- to raise to a higher degree; intensify; magnify: The candlelight enhanced her beauty.
- to raise the value or price of: Rarity enhances the worth of old coins.
Origin of enhance
Examples from the Web for enhanced
Administration lawyers also approved the "enhanced interrogation techniques" and said they were legally permissible.Fact-Checking the Sunday Shows: Dec. 14
December 14, 2014
Six of those over 12 years in prison were part of enhanced sentence due to the fact she was pregnant at the time.States Slap Pregnant Women With Harsher Jail Sentences
December 12, 2014
After just a “few minutes” of questioning at Cobalt, he was subject to enhanced interrogation techniques.Inside the CIA’s Sadistic Dungeon
December 9, 2014
The GOP also enhanced its hold on the statehouse, which the party took over two years ago.Arkansas’s Blue Collar Social Conservatives Don’t Know What’s Coming
November 10, 2014
In mid-July the British anti-aircraft guns had been reinforced and enhanced by a new American radar system.Life Under Air Strikes: Children Under Fire Will Never Forget — or Forgive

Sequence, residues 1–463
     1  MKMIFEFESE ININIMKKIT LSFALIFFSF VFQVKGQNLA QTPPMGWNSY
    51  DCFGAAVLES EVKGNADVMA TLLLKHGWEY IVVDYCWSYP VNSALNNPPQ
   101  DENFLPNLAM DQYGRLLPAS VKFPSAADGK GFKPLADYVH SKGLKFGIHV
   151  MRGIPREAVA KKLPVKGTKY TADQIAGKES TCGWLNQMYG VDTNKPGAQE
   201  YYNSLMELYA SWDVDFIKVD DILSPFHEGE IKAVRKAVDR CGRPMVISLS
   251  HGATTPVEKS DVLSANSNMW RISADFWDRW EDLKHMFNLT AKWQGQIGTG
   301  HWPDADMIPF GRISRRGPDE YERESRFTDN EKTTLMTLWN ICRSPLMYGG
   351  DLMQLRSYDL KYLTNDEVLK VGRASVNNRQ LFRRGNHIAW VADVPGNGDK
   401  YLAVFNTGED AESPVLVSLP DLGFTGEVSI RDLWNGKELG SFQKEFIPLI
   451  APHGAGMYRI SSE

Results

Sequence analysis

August 3, 2014
In the silvery moonlight all the fairy, flower-like quality of her was enhanced.Dust
Mr. and Mrs. Haldeman-Julius
The grim reality of the one had enhanced the importance of the other.Roden's Corner
Henry Seton Merriman
The sincerity of the religious feeling is enhanced by its simplicity.Mountain Meditations
The sense of the meaning and value of human life is enhanced.College Teaching
He knew she did not expect to need an enhanced complexion in this obscurity.The Prisoner
- (tr) to intensify or increase in quality, value, power, etc; improve; augment
Word Origin and History for enhanced
late 13c., anhaunsen "to raise, make higher," from Anglo-French enhauncer, probably from Old French enhaucier "make greater, make higher or louder; fatten, foster; raise in esteem," from Vulgar Latin *inaltiare, from Late Latin inaltare "raise, exalt," from altare "make high," from altus "high" (see old).
Meaning "raise in station, wealth, or fame" attested in English from c.1300. The -h- in Old French supposedly from influence of Frankish *hoh "high." Related: Enhanced; enhancing.